Black Lives Matter Wins Global Peace Prize for Championing Justice and Equality

Activists attend a Black Lives Matter protest in Manhattan against President Donald Trump and New York Mayor Bill de Blasio on April 1. Reuters

The Black Lives Matter social justice movement has been recognized with a global peace prize that in the past has highlighted the work of South African civil rights activist Desmond Tutu, renowned philosopher Noam Chomsky and former Irish President Mary Robinson.

The Sydney Peace Foundation announced last week it will give Black Lives Matter its 2017 peace prize during a ceremony scheduled in November for Sydney. The award recognizes the work of the founding leaders of the social justice activist network, Patrisse Cullors, Alicia Garza and Opal Tometi, who began working together after Florida neighborhood watchman George Zimmerman was acquitted in 2013 in the shooting death of black teen Trayvon Martin.

"This is the first time that a movement and not a person has been awarded the peace prize—a timely choice. Climate change is escalating fast, increasing inequality and racism are feeding divisiveness, and we are in the middle of the worst refugee crisis since World War II. Yet many establishment leaders across the world stick their heads in the sand or turn their backs on justice, fairness and equality," the Sydney Peace Foundation said in announcing the award.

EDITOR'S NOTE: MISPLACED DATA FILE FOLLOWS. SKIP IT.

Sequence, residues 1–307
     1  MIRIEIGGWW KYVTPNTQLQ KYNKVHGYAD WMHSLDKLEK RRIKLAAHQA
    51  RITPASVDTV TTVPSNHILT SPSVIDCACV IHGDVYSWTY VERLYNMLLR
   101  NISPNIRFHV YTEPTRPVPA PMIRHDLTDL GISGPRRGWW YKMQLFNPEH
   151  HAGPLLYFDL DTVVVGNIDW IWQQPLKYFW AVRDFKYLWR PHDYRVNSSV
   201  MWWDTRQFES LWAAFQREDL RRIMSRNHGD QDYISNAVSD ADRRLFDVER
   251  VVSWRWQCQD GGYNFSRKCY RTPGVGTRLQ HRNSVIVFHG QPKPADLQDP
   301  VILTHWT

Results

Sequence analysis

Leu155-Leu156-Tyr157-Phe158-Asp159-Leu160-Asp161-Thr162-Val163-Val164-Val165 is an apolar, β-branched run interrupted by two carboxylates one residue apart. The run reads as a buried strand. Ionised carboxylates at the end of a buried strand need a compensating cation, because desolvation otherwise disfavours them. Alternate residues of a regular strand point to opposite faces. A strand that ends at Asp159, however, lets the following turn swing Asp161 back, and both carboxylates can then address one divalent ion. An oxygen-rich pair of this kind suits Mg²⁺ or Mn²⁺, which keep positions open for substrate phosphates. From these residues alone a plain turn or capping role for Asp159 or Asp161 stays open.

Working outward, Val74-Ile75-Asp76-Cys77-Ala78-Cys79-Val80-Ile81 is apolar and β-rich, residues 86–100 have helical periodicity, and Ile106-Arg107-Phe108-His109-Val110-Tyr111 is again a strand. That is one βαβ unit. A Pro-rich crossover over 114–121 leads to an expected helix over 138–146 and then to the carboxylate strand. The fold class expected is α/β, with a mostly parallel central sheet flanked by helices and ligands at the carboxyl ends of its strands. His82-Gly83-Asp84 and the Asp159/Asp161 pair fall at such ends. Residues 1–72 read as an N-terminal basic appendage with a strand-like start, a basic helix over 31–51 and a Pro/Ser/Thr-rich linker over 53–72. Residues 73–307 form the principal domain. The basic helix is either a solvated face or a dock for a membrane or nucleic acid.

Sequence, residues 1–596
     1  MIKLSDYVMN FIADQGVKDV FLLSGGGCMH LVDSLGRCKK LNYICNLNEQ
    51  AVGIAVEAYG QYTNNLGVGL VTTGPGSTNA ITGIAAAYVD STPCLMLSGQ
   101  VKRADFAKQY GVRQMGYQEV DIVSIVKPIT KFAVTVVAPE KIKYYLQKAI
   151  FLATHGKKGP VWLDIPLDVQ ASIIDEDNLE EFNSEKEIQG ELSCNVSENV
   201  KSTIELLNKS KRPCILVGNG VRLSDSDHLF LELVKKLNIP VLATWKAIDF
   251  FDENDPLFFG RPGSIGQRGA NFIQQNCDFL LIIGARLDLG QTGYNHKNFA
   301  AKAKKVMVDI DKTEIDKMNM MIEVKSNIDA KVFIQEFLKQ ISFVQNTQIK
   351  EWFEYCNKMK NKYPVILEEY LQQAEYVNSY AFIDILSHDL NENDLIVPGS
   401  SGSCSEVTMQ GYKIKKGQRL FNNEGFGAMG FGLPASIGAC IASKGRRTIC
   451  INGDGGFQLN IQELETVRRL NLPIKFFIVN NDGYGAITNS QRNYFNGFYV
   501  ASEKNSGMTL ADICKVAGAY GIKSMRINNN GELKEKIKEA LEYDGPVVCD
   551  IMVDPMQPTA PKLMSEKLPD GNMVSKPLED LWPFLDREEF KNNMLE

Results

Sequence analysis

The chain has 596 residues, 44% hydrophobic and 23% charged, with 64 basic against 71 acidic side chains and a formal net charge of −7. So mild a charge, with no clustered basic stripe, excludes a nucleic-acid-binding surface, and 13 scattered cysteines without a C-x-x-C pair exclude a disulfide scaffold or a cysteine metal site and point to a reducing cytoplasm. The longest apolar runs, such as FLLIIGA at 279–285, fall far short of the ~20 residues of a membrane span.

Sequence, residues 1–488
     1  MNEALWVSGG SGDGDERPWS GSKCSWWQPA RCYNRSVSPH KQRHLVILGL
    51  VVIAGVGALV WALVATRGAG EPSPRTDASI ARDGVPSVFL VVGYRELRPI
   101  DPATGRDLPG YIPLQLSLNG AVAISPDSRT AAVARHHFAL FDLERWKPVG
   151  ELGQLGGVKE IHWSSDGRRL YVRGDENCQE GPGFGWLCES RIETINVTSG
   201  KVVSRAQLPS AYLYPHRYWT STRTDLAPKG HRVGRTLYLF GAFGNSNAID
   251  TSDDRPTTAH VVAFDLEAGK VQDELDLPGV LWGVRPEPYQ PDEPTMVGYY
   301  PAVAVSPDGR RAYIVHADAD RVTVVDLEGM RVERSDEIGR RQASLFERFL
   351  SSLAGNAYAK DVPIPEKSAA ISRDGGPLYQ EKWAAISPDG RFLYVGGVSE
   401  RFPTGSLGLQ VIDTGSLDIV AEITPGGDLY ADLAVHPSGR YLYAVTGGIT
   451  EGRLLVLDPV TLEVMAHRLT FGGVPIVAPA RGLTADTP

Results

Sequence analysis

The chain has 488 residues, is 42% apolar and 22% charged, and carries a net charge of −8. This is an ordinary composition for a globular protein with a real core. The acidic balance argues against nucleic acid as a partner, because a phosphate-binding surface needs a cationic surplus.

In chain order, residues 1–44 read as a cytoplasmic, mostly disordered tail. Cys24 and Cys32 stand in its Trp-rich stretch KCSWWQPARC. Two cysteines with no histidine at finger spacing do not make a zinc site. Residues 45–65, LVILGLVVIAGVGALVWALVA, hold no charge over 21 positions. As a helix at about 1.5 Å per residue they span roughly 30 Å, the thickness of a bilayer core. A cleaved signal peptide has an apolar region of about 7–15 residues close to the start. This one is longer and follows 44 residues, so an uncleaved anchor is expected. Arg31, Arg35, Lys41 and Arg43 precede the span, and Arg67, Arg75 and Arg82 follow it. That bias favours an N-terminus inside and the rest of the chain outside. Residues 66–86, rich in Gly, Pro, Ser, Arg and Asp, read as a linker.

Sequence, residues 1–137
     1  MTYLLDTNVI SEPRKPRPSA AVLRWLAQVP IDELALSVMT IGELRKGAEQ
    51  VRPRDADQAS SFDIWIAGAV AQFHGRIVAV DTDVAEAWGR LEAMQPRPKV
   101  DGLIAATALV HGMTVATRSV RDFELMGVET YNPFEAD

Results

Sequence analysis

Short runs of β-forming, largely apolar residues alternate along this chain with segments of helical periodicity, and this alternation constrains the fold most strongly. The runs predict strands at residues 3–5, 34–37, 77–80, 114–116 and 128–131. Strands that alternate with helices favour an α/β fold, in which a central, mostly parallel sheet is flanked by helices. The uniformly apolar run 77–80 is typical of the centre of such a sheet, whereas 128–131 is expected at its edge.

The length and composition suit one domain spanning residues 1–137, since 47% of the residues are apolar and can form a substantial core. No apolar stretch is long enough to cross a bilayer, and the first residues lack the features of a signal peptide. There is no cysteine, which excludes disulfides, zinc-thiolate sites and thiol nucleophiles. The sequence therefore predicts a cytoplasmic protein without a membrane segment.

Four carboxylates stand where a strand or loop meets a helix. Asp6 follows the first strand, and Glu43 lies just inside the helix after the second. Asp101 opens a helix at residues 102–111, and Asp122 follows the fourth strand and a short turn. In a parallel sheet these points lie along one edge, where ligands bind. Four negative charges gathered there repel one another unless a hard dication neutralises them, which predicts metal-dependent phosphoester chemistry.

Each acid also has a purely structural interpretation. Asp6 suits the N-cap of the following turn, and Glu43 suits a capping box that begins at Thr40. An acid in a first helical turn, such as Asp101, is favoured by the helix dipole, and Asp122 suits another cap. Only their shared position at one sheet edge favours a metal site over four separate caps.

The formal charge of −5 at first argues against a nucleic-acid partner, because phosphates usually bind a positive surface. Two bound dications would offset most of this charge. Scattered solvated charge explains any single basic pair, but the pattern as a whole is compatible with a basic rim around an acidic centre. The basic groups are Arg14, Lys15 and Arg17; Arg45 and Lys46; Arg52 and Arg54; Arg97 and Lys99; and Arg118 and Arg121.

Black Lives Matter has sometimes been accused by critics of stirring racist division and violence, while organizers and supporters, including former President Barack Obama, have praised the activists for highlighting police brutality, economic inequality and other societal woes in the aftermath of the 2014 police shooting of Michael Brown, 18, in Ferguson, Missouri, and other violence.

President Donald Trump, meanwhile, has vowed to protect the public from "the dangerous anti-police atmosphere," and roughly 52 percent of Republicans and 28 percent of white people oppose the Black Lives Matter movement, according to a 2016 survey conducted by the Pew Research Center,

"We're not just about hitting the streets or direct action.... It's a humanizing project," Cullors told The Guardian. "We're trying to reimagine humanity and bring us to a place where we can decide how we want to be in relation to each other, versus criminalizing our neighbors or being punitive towards them."

Cullors added, "The complicated part of this is the question becomes: Do we need police? Are police going to give us ultimate safety? In our opinion, no, police are not going to give us safety. We've seen time and time again that actually what they do is provide death."

Police officers killed roughly 266 black people in the United States in 2016.

The Sydney Peace Foundation, founded in 1998, "promotes peace, justice and nonviolence by recognizing the world's most important leaders for peace with the Sydney Peace Prize," the foundation's website says.